1. Does this gospel cause me to fix my eyes exclusively on Jesus?
A true gospel preacher will always seek to reveal more and more of Jesus.
It took me years to realize this. When I began preaching in the 1990s, I used to preach on the kingdom. I loved the kingdom and I still do. But I now realize that my love for the kingdom was really a love for the King. Now I just preach of this Great King who loves me and gave himself for me.
Now I just preach Jesus.
Preachers, do you need a message on healing? Then preach Jesus!
Do you need a series on overcoming, giving, wisdom, holiness, faith, warfare, marriage, family life, outreach, helping the poor, deliverance, Leviticus, the Tabernacle, etc? Then preach Jesus!
Whatever your need, your answer is found in Jesus and his finished work. That’s why Paul resolved to know nothing but “Christ and him crucified” (1 Cor 2:2). Any message that doesn’t reveal Jesus will likely be powerless substitute, a flesh-trip, and a wasted opportunity.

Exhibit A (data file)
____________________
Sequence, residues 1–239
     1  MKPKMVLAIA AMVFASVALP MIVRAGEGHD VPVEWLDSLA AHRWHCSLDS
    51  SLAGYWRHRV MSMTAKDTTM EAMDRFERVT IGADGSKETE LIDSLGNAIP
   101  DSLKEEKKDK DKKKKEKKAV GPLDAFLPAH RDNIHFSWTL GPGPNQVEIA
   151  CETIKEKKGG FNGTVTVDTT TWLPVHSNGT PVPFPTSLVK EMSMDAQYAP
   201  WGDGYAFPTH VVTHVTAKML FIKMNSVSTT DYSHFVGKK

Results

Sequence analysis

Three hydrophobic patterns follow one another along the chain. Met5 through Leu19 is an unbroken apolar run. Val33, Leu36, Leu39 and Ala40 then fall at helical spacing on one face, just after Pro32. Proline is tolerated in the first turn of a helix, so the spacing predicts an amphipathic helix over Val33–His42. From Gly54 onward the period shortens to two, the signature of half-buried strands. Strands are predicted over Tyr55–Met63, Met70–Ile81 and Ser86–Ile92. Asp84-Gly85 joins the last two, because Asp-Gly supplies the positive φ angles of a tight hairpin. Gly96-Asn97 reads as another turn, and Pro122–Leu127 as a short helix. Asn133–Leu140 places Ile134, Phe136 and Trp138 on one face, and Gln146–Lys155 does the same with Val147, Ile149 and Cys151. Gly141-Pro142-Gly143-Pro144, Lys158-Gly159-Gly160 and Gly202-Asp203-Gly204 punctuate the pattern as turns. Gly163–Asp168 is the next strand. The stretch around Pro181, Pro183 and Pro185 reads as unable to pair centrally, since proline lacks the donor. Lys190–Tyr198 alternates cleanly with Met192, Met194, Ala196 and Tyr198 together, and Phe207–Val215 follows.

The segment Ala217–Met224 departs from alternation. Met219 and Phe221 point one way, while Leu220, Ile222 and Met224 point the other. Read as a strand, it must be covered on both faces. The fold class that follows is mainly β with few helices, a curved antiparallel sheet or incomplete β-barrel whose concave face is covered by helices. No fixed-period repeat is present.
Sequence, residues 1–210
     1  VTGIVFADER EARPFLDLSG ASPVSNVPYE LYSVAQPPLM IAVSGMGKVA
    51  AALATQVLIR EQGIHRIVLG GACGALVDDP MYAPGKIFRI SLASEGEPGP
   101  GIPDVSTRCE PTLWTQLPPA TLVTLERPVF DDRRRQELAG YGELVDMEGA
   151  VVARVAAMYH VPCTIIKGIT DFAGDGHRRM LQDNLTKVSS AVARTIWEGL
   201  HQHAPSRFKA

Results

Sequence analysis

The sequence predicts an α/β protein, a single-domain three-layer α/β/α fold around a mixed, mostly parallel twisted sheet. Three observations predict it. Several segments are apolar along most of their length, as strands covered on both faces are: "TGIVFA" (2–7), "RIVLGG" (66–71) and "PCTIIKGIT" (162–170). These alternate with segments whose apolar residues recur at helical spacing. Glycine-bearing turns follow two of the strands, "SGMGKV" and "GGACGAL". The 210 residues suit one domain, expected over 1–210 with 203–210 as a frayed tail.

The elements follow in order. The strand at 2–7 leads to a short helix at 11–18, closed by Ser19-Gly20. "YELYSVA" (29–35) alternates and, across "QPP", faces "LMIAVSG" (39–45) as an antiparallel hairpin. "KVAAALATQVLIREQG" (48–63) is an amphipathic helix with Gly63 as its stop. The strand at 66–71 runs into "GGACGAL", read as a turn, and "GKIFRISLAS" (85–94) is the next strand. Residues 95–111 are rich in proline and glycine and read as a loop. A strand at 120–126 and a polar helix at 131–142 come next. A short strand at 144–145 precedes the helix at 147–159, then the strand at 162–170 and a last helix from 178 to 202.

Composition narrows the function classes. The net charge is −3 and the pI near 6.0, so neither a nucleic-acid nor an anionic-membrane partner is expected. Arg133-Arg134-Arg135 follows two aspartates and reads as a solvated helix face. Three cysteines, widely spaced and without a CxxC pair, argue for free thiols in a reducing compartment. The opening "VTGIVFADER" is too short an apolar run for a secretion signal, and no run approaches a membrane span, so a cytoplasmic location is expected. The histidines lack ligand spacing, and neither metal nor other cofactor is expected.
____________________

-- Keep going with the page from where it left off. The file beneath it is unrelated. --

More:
Jesus is the supreme manifestation of the character and purpose of God. Any message that diminishes Jesus, insults the Spirit of grace. Jesus is peerless and nothing compares to him. He has become for us wisdom from God and I will boast of nothing else (1 Cor 1:30-31).
Here’s the test: A false gospel will emphasize what you’re doing (or not doing), while the true gospel will emphasize Christ’s finished work on the cross. A false gospel will make you introspective and anxious, while the true gospel will always make you Christ-conscious and grateful.
2. Does this gospel increase my dependence on Jesus?
Jesus said, “Apart from me you can do nothing” (Jn 15:5). Sadly, much is done apart from Jesus and most of it will amount to nothing!